A CUAS detects and intercepts hostile drones and unmanned aerial systems, which can be used for intelligence gathering or smuggling contraband, or to deploy explosives
|The Author is Former Director General of Information Systems and A Special Forces Veteran, Indian Army|
Post the weaponised drone attack on the Indian Air Force (IAF) base at Jammu on June 27 where two low-intensity improvised explosive devices,dropped from drones, exploded close to the helicopters hangar and left two IAF personnel injured, an anti-drone system developed by the Defence Research and Development Organization (DRDO) has now been deployed at the IAF Jammu station. News reports of July 5, 2021 now reveal that the IAF is looking to purchase quantity 10 x Counter Unmanned Aircraft System (CUAS), commonly called anti-drone systems, from Indian vendors.
There are two main aspects to an anti-drone system; detection of a rogue drone, and its destruction with weapon system, or jamming its communication signals. The detection takes place via radars, or/and radio frequency sensors and EO/IR systems. Modern anti-drone radar system may use multiple radar technologies depending on the range required, size of the zone to be protected, and number of simultaneous targets.
A CUAS detects and intercepts hostile drones and unmanned aerial systems, which can be used for intelligence gathering or smuggling contraband, or to deploy explosives. The CUAS are deployed to protect military bases, airports, critical infrastructure and other important sites.To destroy a hostile drone, a CUAS can include jammers and be armed with different weapon systems. For the latter, anti-drone systems could use guns or missiles along with a targeting system to destroy a drone. Similarly, a high-powered laser or microwave could also destroy a rogue drone.
The systems IAF seek are intended to detect, track, identify, designate and neutralise hostile drones
The IAF has issued a Request for Information (RFI) on June 28, 2021, to invite bids. According to media quoting defence sources, the procurement and the RFI for CUASs has been in works for the last several months. The acceleration has obviously been provided by the June 27 drone attack in Jammu which apparently has also woken up the bureaucracy of the Ministry of Defence (MoD). The systems IAF seek are intended to detect, track, identify, designate and neutralise hostile drones; a Laser Directed Energy Weapon (Laser-DEW) is essentially required as a kill option.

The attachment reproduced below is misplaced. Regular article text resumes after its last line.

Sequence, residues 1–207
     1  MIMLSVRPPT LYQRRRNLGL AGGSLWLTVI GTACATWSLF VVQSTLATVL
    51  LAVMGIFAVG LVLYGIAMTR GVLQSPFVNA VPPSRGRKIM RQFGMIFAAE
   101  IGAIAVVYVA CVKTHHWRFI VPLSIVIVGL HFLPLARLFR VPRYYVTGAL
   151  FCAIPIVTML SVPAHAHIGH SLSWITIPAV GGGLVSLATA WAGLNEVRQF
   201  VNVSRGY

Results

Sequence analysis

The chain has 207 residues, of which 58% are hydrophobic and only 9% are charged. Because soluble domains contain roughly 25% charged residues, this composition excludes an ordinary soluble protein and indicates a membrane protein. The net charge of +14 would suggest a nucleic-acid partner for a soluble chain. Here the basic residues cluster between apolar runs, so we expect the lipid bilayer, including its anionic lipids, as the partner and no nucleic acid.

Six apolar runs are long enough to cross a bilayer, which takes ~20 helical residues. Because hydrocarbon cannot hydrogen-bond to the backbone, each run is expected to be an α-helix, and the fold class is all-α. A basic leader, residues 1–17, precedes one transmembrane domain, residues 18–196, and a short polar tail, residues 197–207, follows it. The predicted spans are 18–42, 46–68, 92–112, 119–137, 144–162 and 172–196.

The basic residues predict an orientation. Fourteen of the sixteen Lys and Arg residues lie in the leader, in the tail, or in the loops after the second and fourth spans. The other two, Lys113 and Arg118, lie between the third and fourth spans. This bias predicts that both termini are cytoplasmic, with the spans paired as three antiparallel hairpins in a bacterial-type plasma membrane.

Highlights of the RFI for the CUAS issued by the IAF include the following:
The overall requirement for CUAS would be huge considering that the IAF operates some 60 air stations across the country and the drone threat can emanate from anywhere in the hinterland
Soft kill refers to jamming the communication or navigation signals used by a drone. Hard kill refers to its physical destruction. Generation of a composite air situational picture for the operator and providing alerts implies inputs from different sensors will be consolidated on a single screen to enable a composite understanding of the situation for the controlling agency and the commander, explained sources.
Why the IAF has issued the RFI for only 10 X CUAS is not known but possibly it is to cover the bases in proximity of the borders with Pakistan and China taking into accounts the ranges of armed drones available to the adversaries. Alternatively, the requirement may have been prioritised for lack of funds since the overall requirement would be huge; considering that the IAF operates some 60 air stations across the country in its seven Air Commands and the drone threat can emanate from anywhere in the hinterland as well.
Moreover, the IAF would require large number of hand-held counter drone guns as well. It may be recalled that in December 2020, the Indian Navy placed an order for an unspecified number of Israeli anti-drone system Smash 2000 Plus, which turns assault rifles into smart weapons for anti-drone operations enabling first-shot hits. The Directorate of Military Affairs (DMA) headed by the Chief of Defence Staff (CDS) in the MoD needs to coordinate the overall requirements of the three services to counter drones.